Commenced in January 2007
Frequency: Monthly
Edition: International
Paper Count: 4

nanosensor Related Abstracts

4 Nanotechnology Innovations for the Sustainable Buildings of the Future

Authors: Aysin Sev, Meltem Ezel


Sustainability, being the urgent issue of our time, is closely related with the innovations in technology. Nanotechnology (NT), although not a new science, can be regarded relatively a new science for buildings with brand new materials and applications. This paper tends to give a research review of current and near future applications of nanotechnology (NT) for achieving high-performance and healthy buildings for a sustainable future. In the introduction, the driving forces for the sustainability of construction industry are explained. Then, the term NT is defined, and significance of innovations in NT for a sustainable construction industry is revealed. After presenting the application areas of NT and nanomaterials for buildings with a number of cases, challenges in the adoption of this technology are put forward, and finally the impacts of nanoparticles and nanomaterials on human health and environment are discussed.

Keywords: Nanomaterial, Wood, steel, Self-Healing Concrete, Aerogel, self cleaning sensor, nanosensor, flexible solar panel

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3 Determination of Cyclic Citrullinated Peptide Antibodies on Quartz Crystal Microbalance Based Nanosensors

Authors: Y. Saylan, F. Yılmaz, A. Denizli


Rheumatoid arthritis (RA) which is the most common autoimmune disorder of the body's own immune system attacking healthy cells. RA has both articular and systemic effects.Until now romatiod factor (RF) assay is used the most commonly diagnosed RA but it is not specific. Anti-cyclic citrullinated peptide (anti-CCP) antibodies are IgG autoantibodies which recognize citrullinated peptides and offer improved specificity in early diagnosis of RA compared to RF. Anti-CCP antibodies have specificity for the diagnosis of RA from 91 to 98% and the sensitivity rate of 41-68%. Molecularly imprinted polymers (MIP) are materials that are easy to prepare, less expensive, stable have a talent for molecular recognition and also can be manufactured in large quantities with good reproducibility. Molecular recognition-based adsorption techniques have received much attention in several fields because of their high selectivity for target molecules. Quartz crystal microbalance (QCM) is an effective, simple, inexpensive approach mass changes that can be converted into an electrical signal. The applications for specific determination of chemical substances or biomolecules, crystal electrodes, cover by the thin films for bind or adsorption of molecules. In this study, we have focused our attention on combining of molecular imprinting into nanofilms and QCM nanosensor approaches and producing QCM nanosensor for anti-CCP, chosen as a model protein, using anti-CCP imprinted nanofilms. For this aim, anti-CCP imprinted QCM nanosensor was characterized by Fourier transform infrared spectroscopy, atomic force microscopy, contact angle measurements and ellipsometry. The non-imprinted nanosensor was also prepared to evaluate the selectivity of the imprinted nanosensor. Anti-CCP imprinted QCM nanosensor was tested for real-time detection of anti-CCP from aqueous solution. The kinetic and affinity studies were determined by using anti-CCP solutions with different concentrations. The responses related with mass shifts (Δm) and frequency shifts (Δf) were used to evaluate adsorption properties and to calculate binding (Ka) and dissociation (Kd) constants. To show the selectivity of the anti-CCP imprinted QCM nanosensor, competitive adsorption of anti-CCP and IgM was investigated.The results indicate that anti-CCP imprinted QCM nanosensor has a higher adsorption capabilities for anti-CCP than for IgM, due to selective cavities in the polymer structure.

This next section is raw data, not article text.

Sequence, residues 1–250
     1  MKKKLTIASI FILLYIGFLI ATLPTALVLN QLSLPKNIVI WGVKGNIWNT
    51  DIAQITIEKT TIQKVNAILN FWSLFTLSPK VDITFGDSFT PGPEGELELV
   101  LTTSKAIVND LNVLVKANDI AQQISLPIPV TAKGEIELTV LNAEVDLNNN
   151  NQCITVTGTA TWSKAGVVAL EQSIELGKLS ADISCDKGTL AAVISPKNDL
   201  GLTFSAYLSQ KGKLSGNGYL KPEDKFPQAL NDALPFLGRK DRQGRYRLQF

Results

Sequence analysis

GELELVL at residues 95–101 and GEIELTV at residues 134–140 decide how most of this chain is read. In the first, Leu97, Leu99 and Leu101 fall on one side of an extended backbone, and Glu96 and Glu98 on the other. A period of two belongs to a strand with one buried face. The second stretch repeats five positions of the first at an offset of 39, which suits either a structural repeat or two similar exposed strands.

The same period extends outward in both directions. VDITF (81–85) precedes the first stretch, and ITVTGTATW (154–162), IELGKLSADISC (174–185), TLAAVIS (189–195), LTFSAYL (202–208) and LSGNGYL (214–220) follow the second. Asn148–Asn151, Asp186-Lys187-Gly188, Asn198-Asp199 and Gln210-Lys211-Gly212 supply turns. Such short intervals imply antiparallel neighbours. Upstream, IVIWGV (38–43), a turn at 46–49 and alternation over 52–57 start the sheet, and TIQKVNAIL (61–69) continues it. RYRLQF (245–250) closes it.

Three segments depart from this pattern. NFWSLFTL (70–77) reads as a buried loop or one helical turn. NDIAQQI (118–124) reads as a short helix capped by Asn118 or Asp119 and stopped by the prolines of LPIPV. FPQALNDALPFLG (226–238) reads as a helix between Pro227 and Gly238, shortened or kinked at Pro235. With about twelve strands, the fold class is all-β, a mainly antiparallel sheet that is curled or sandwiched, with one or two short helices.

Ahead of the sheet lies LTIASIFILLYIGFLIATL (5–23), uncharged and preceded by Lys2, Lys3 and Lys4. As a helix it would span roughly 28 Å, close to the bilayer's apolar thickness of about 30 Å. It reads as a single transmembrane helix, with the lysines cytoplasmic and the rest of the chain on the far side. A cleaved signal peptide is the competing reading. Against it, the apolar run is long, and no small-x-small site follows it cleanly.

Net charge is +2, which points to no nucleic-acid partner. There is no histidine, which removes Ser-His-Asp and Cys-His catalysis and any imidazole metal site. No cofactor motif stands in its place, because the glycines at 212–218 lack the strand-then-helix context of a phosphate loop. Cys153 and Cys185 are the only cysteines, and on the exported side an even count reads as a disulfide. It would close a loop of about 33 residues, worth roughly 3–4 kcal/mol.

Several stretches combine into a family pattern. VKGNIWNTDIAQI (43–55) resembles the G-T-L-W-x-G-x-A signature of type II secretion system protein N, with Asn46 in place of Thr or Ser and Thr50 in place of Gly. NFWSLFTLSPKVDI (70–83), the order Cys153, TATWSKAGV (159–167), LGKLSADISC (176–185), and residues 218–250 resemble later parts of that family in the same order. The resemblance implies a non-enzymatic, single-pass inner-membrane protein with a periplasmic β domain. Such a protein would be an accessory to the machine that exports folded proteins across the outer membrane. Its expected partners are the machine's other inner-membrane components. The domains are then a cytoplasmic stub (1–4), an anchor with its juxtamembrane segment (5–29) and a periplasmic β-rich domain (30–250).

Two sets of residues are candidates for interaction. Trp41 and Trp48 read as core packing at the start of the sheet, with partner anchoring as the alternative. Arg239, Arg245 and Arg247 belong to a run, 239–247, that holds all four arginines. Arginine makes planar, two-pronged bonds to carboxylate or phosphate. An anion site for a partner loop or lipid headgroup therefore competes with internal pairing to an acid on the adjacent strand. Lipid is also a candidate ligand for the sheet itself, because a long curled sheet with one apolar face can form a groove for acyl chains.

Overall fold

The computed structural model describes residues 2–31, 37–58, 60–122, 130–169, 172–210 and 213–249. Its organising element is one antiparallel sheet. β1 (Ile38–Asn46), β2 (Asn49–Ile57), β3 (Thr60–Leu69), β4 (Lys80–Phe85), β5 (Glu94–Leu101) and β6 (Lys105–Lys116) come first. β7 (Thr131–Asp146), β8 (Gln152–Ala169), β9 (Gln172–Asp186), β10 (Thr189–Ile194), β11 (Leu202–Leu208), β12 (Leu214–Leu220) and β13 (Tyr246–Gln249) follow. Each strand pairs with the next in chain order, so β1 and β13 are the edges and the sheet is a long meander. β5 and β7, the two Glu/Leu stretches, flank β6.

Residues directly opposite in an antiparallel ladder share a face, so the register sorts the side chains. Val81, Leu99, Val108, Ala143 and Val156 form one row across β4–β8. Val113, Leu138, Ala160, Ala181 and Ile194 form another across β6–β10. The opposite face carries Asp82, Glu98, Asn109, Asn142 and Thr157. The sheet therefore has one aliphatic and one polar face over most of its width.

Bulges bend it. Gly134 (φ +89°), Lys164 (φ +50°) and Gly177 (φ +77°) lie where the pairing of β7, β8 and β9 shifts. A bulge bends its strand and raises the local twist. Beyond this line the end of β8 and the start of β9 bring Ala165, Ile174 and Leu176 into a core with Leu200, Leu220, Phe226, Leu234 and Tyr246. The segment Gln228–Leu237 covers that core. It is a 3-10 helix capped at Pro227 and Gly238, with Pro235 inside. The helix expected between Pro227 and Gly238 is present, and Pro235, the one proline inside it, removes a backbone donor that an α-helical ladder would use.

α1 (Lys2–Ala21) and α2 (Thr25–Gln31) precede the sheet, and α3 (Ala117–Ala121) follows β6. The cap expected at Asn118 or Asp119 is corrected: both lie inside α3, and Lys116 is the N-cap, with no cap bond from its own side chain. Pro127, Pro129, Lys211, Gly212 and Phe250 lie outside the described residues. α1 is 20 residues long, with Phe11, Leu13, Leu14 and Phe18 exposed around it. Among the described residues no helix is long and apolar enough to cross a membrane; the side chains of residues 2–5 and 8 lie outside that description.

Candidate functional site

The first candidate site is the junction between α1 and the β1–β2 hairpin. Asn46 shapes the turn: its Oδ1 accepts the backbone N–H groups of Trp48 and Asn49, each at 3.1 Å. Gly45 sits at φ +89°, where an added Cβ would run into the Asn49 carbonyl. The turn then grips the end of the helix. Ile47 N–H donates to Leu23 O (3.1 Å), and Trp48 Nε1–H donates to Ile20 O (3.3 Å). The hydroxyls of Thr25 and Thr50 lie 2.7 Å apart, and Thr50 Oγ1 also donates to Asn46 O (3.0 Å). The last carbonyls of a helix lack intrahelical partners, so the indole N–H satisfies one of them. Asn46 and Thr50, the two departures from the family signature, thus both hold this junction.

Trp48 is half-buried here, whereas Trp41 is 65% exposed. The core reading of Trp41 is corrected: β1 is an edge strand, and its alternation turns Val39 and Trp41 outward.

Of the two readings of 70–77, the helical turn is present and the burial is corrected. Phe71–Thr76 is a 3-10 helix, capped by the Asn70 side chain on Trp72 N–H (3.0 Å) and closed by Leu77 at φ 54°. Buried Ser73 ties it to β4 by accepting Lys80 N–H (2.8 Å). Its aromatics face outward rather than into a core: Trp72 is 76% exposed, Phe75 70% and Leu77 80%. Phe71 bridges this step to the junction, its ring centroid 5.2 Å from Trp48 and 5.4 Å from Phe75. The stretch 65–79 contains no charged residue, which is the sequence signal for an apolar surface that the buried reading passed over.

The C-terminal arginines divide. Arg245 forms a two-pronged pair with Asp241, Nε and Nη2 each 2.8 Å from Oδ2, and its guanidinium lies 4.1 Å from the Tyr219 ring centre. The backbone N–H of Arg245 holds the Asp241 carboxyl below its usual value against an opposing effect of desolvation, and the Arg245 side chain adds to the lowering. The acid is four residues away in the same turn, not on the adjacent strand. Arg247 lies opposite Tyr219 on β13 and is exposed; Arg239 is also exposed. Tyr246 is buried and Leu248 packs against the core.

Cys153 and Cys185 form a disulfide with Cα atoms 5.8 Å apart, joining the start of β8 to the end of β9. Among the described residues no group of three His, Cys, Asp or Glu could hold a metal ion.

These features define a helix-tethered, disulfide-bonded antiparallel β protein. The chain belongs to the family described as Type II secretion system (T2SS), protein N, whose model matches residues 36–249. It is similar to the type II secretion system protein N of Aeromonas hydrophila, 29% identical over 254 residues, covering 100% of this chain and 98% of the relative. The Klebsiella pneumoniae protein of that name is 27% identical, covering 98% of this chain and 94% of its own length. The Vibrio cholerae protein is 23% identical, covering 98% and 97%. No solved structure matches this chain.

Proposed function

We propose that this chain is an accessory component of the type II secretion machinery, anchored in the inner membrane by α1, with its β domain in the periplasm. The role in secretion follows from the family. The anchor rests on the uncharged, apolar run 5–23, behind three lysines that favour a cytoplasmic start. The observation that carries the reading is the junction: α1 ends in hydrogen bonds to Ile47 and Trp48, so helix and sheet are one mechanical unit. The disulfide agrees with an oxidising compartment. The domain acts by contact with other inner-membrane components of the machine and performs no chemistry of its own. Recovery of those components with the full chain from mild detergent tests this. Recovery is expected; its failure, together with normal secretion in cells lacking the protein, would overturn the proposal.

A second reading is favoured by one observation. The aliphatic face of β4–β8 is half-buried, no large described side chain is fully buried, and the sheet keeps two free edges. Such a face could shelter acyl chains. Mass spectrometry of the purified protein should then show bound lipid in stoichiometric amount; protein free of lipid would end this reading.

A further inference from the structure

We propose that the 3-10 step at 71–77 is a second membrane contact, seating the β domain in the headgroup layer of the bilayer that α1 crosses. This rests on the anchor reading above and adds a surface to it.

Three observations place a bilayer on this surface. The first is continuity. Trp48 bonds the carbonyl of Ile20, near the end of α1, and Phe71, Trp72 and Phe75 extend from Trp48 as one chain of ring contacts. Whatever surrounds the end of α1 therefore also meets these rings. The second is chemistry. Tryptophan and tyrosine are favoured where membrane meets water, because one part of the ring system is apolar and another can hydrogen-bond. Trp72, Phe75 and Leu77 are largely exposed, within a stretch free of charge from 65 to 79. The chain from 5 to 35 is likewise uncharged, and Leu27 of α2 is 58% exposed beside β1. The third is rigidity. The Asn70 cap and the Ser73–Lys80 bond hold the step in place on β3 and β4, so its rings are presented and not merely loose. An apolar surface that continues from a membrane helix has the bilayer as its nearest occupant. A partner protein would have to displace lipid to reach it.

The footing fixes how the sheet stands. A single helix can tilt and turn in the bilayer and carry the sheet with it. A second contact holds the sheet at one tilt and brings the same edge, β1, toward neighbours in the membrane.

Keywords: Rheumatoid Arthritis, molecular imprinting, nanosensor, anti-CCP, QCM

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2 Quartz Crystal Microbalance Based Hydrophobic Nanosensor for Lysozyme Detection